As a collaboration, Jonah Bokaer and Anthony McCall's performance Eclipse registered closer to ships-in-the-night than Gesamtkunstwerk. This doesn't mean the piece wasn't engrossing, but dance (Bokaer) and art (McCall) engaged each other with a good deal of independence. Eclipse, which was the first work to be presented in the Brooklyn Academy of Music's new black-box theater, comprised a light installation and costumes by McCall, with choreography and overall direction by Bokaer.

Much of McCall's work, in which light is sculpted into planes, cones and lines, has been set in darkened galleries. Visitors move through the light, becoming participants in shaping the art. In Brooklyn, by contrast, 36 hanging lightbulbs were arranged in a diagonal grid that extended from near the floor to high above it. The bulbs, giving off an orange glow, dimmed and brightened in varying patterns throughout the 60-minute performance. The dancers did not interact with the light as McCall's gallery visitors usually do; instead they maneuvered around the bulbs, which remained discrete objects.

The dance consisted of four sections, beginning with a solo by Bokaer. Four additional dancers gradually appeared, then took over the next two sections, with Bokaer returning only toward the end of the piece. The lack of correlation between the shifting patterns of light and dance may well have been intentional. Merce Cunningham, with whom Bokaer danced, made a philosophical point of maintaining the independence of collaborators within his pieces. Yet Cunningham worked repeatedly over years with many of the same artists (primarily Jasper Johns and Robert Rauschenberg), allowing dance and art to emerge from a common understanding that facilitated a sense of the totality of the work. Complicating matters, the primary lighting on stage came not from McCall's installation but from Aaron Copp's lighting design, which involved circular and square spotlights trained on the dancers.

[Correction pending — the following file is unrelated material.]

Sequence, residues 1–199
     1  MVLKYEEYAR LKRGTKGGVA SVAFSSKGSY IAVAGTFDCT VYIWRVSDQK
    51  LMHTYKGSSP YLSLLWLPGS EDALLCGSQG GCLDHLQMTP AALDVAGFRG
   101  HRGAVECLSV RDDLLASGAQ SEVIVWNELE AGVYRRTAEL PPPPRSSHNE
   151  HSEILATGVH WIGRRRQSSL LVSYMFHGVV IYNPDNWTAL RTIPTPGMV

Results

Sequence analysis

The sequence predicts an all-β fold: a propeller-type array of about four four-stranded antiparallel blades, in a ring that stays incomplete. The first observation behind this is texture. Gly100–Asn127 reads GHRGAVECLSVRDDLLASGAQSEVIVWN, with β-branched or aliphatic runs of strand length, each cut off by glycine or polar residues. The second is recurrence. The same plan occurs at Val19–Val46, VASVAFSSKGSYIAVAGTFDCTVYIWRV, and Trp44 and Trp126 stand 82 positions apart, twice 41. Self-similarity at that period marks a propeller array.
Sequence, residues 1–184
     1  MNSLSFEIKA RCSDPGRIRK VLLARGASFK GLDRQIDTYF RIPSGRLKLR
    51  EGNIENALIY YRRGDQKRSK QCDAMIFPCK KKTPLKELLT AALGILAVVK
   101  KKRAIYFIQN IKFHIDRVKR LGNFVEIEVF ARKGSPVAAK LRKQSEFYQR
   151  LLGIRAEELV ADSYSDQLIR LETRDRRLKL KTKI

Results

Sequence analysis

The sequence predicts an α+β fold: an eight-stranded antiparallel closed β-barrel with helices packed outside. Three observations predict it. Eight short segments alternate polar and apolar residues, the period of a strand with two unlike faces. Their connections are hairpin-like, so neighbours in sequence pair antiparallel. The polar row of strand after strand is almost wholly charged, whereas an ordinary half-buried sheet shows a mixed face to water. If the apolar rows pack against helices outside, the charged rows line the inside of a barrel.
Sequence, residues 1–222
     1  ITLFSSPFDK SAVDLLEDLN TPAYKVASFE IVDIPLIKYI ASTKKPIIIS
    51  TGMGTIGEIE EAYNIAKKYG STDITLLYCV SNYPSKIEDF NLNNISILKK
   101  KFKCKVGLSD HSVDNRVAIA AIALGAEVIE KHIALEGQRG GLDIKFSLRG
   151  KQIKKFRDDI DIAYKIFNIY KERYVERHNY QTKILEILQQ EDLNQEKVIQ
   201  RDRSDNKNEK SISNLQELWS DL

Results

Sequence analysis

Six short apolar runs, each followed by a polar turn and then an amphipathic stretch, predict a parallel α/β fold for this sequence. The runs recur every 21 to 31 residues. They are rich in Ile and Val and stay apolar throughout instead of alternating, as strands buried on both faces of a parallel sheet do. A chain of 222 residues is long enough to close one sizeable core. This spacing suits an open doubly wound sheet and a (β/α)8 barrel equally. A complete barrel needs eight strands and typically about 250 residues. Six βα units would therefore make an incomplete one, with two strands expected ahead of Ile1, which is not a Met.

Eclipse was perhaps conceived to treat light and bodies as concrete entities, rather than contrasting the body with the evanescent quality of light, as McCall does in his gallery shows. Heightening this earth-bound sensibility, McCall dressed the dancers in white and gray pants and shirts, with gray socks. At times the performers also wore the kind of Day-Glo colored vests that are part of street and underground workers' attire, conjuring references to subways, trains and highways. Such allusions were enhanced not only by the stark lightbulbs, but by David Grubbs's score, which evoked everything from the roaring of trains to the rhythmic whirring of motion picture projectors. In this environment, the dancers went their own way, cool and contained.

Photo: View of the dance performance Eclipse, 2012, a collaboration between Jonah Bokaer and Anthony McCall; at BAM Fisher.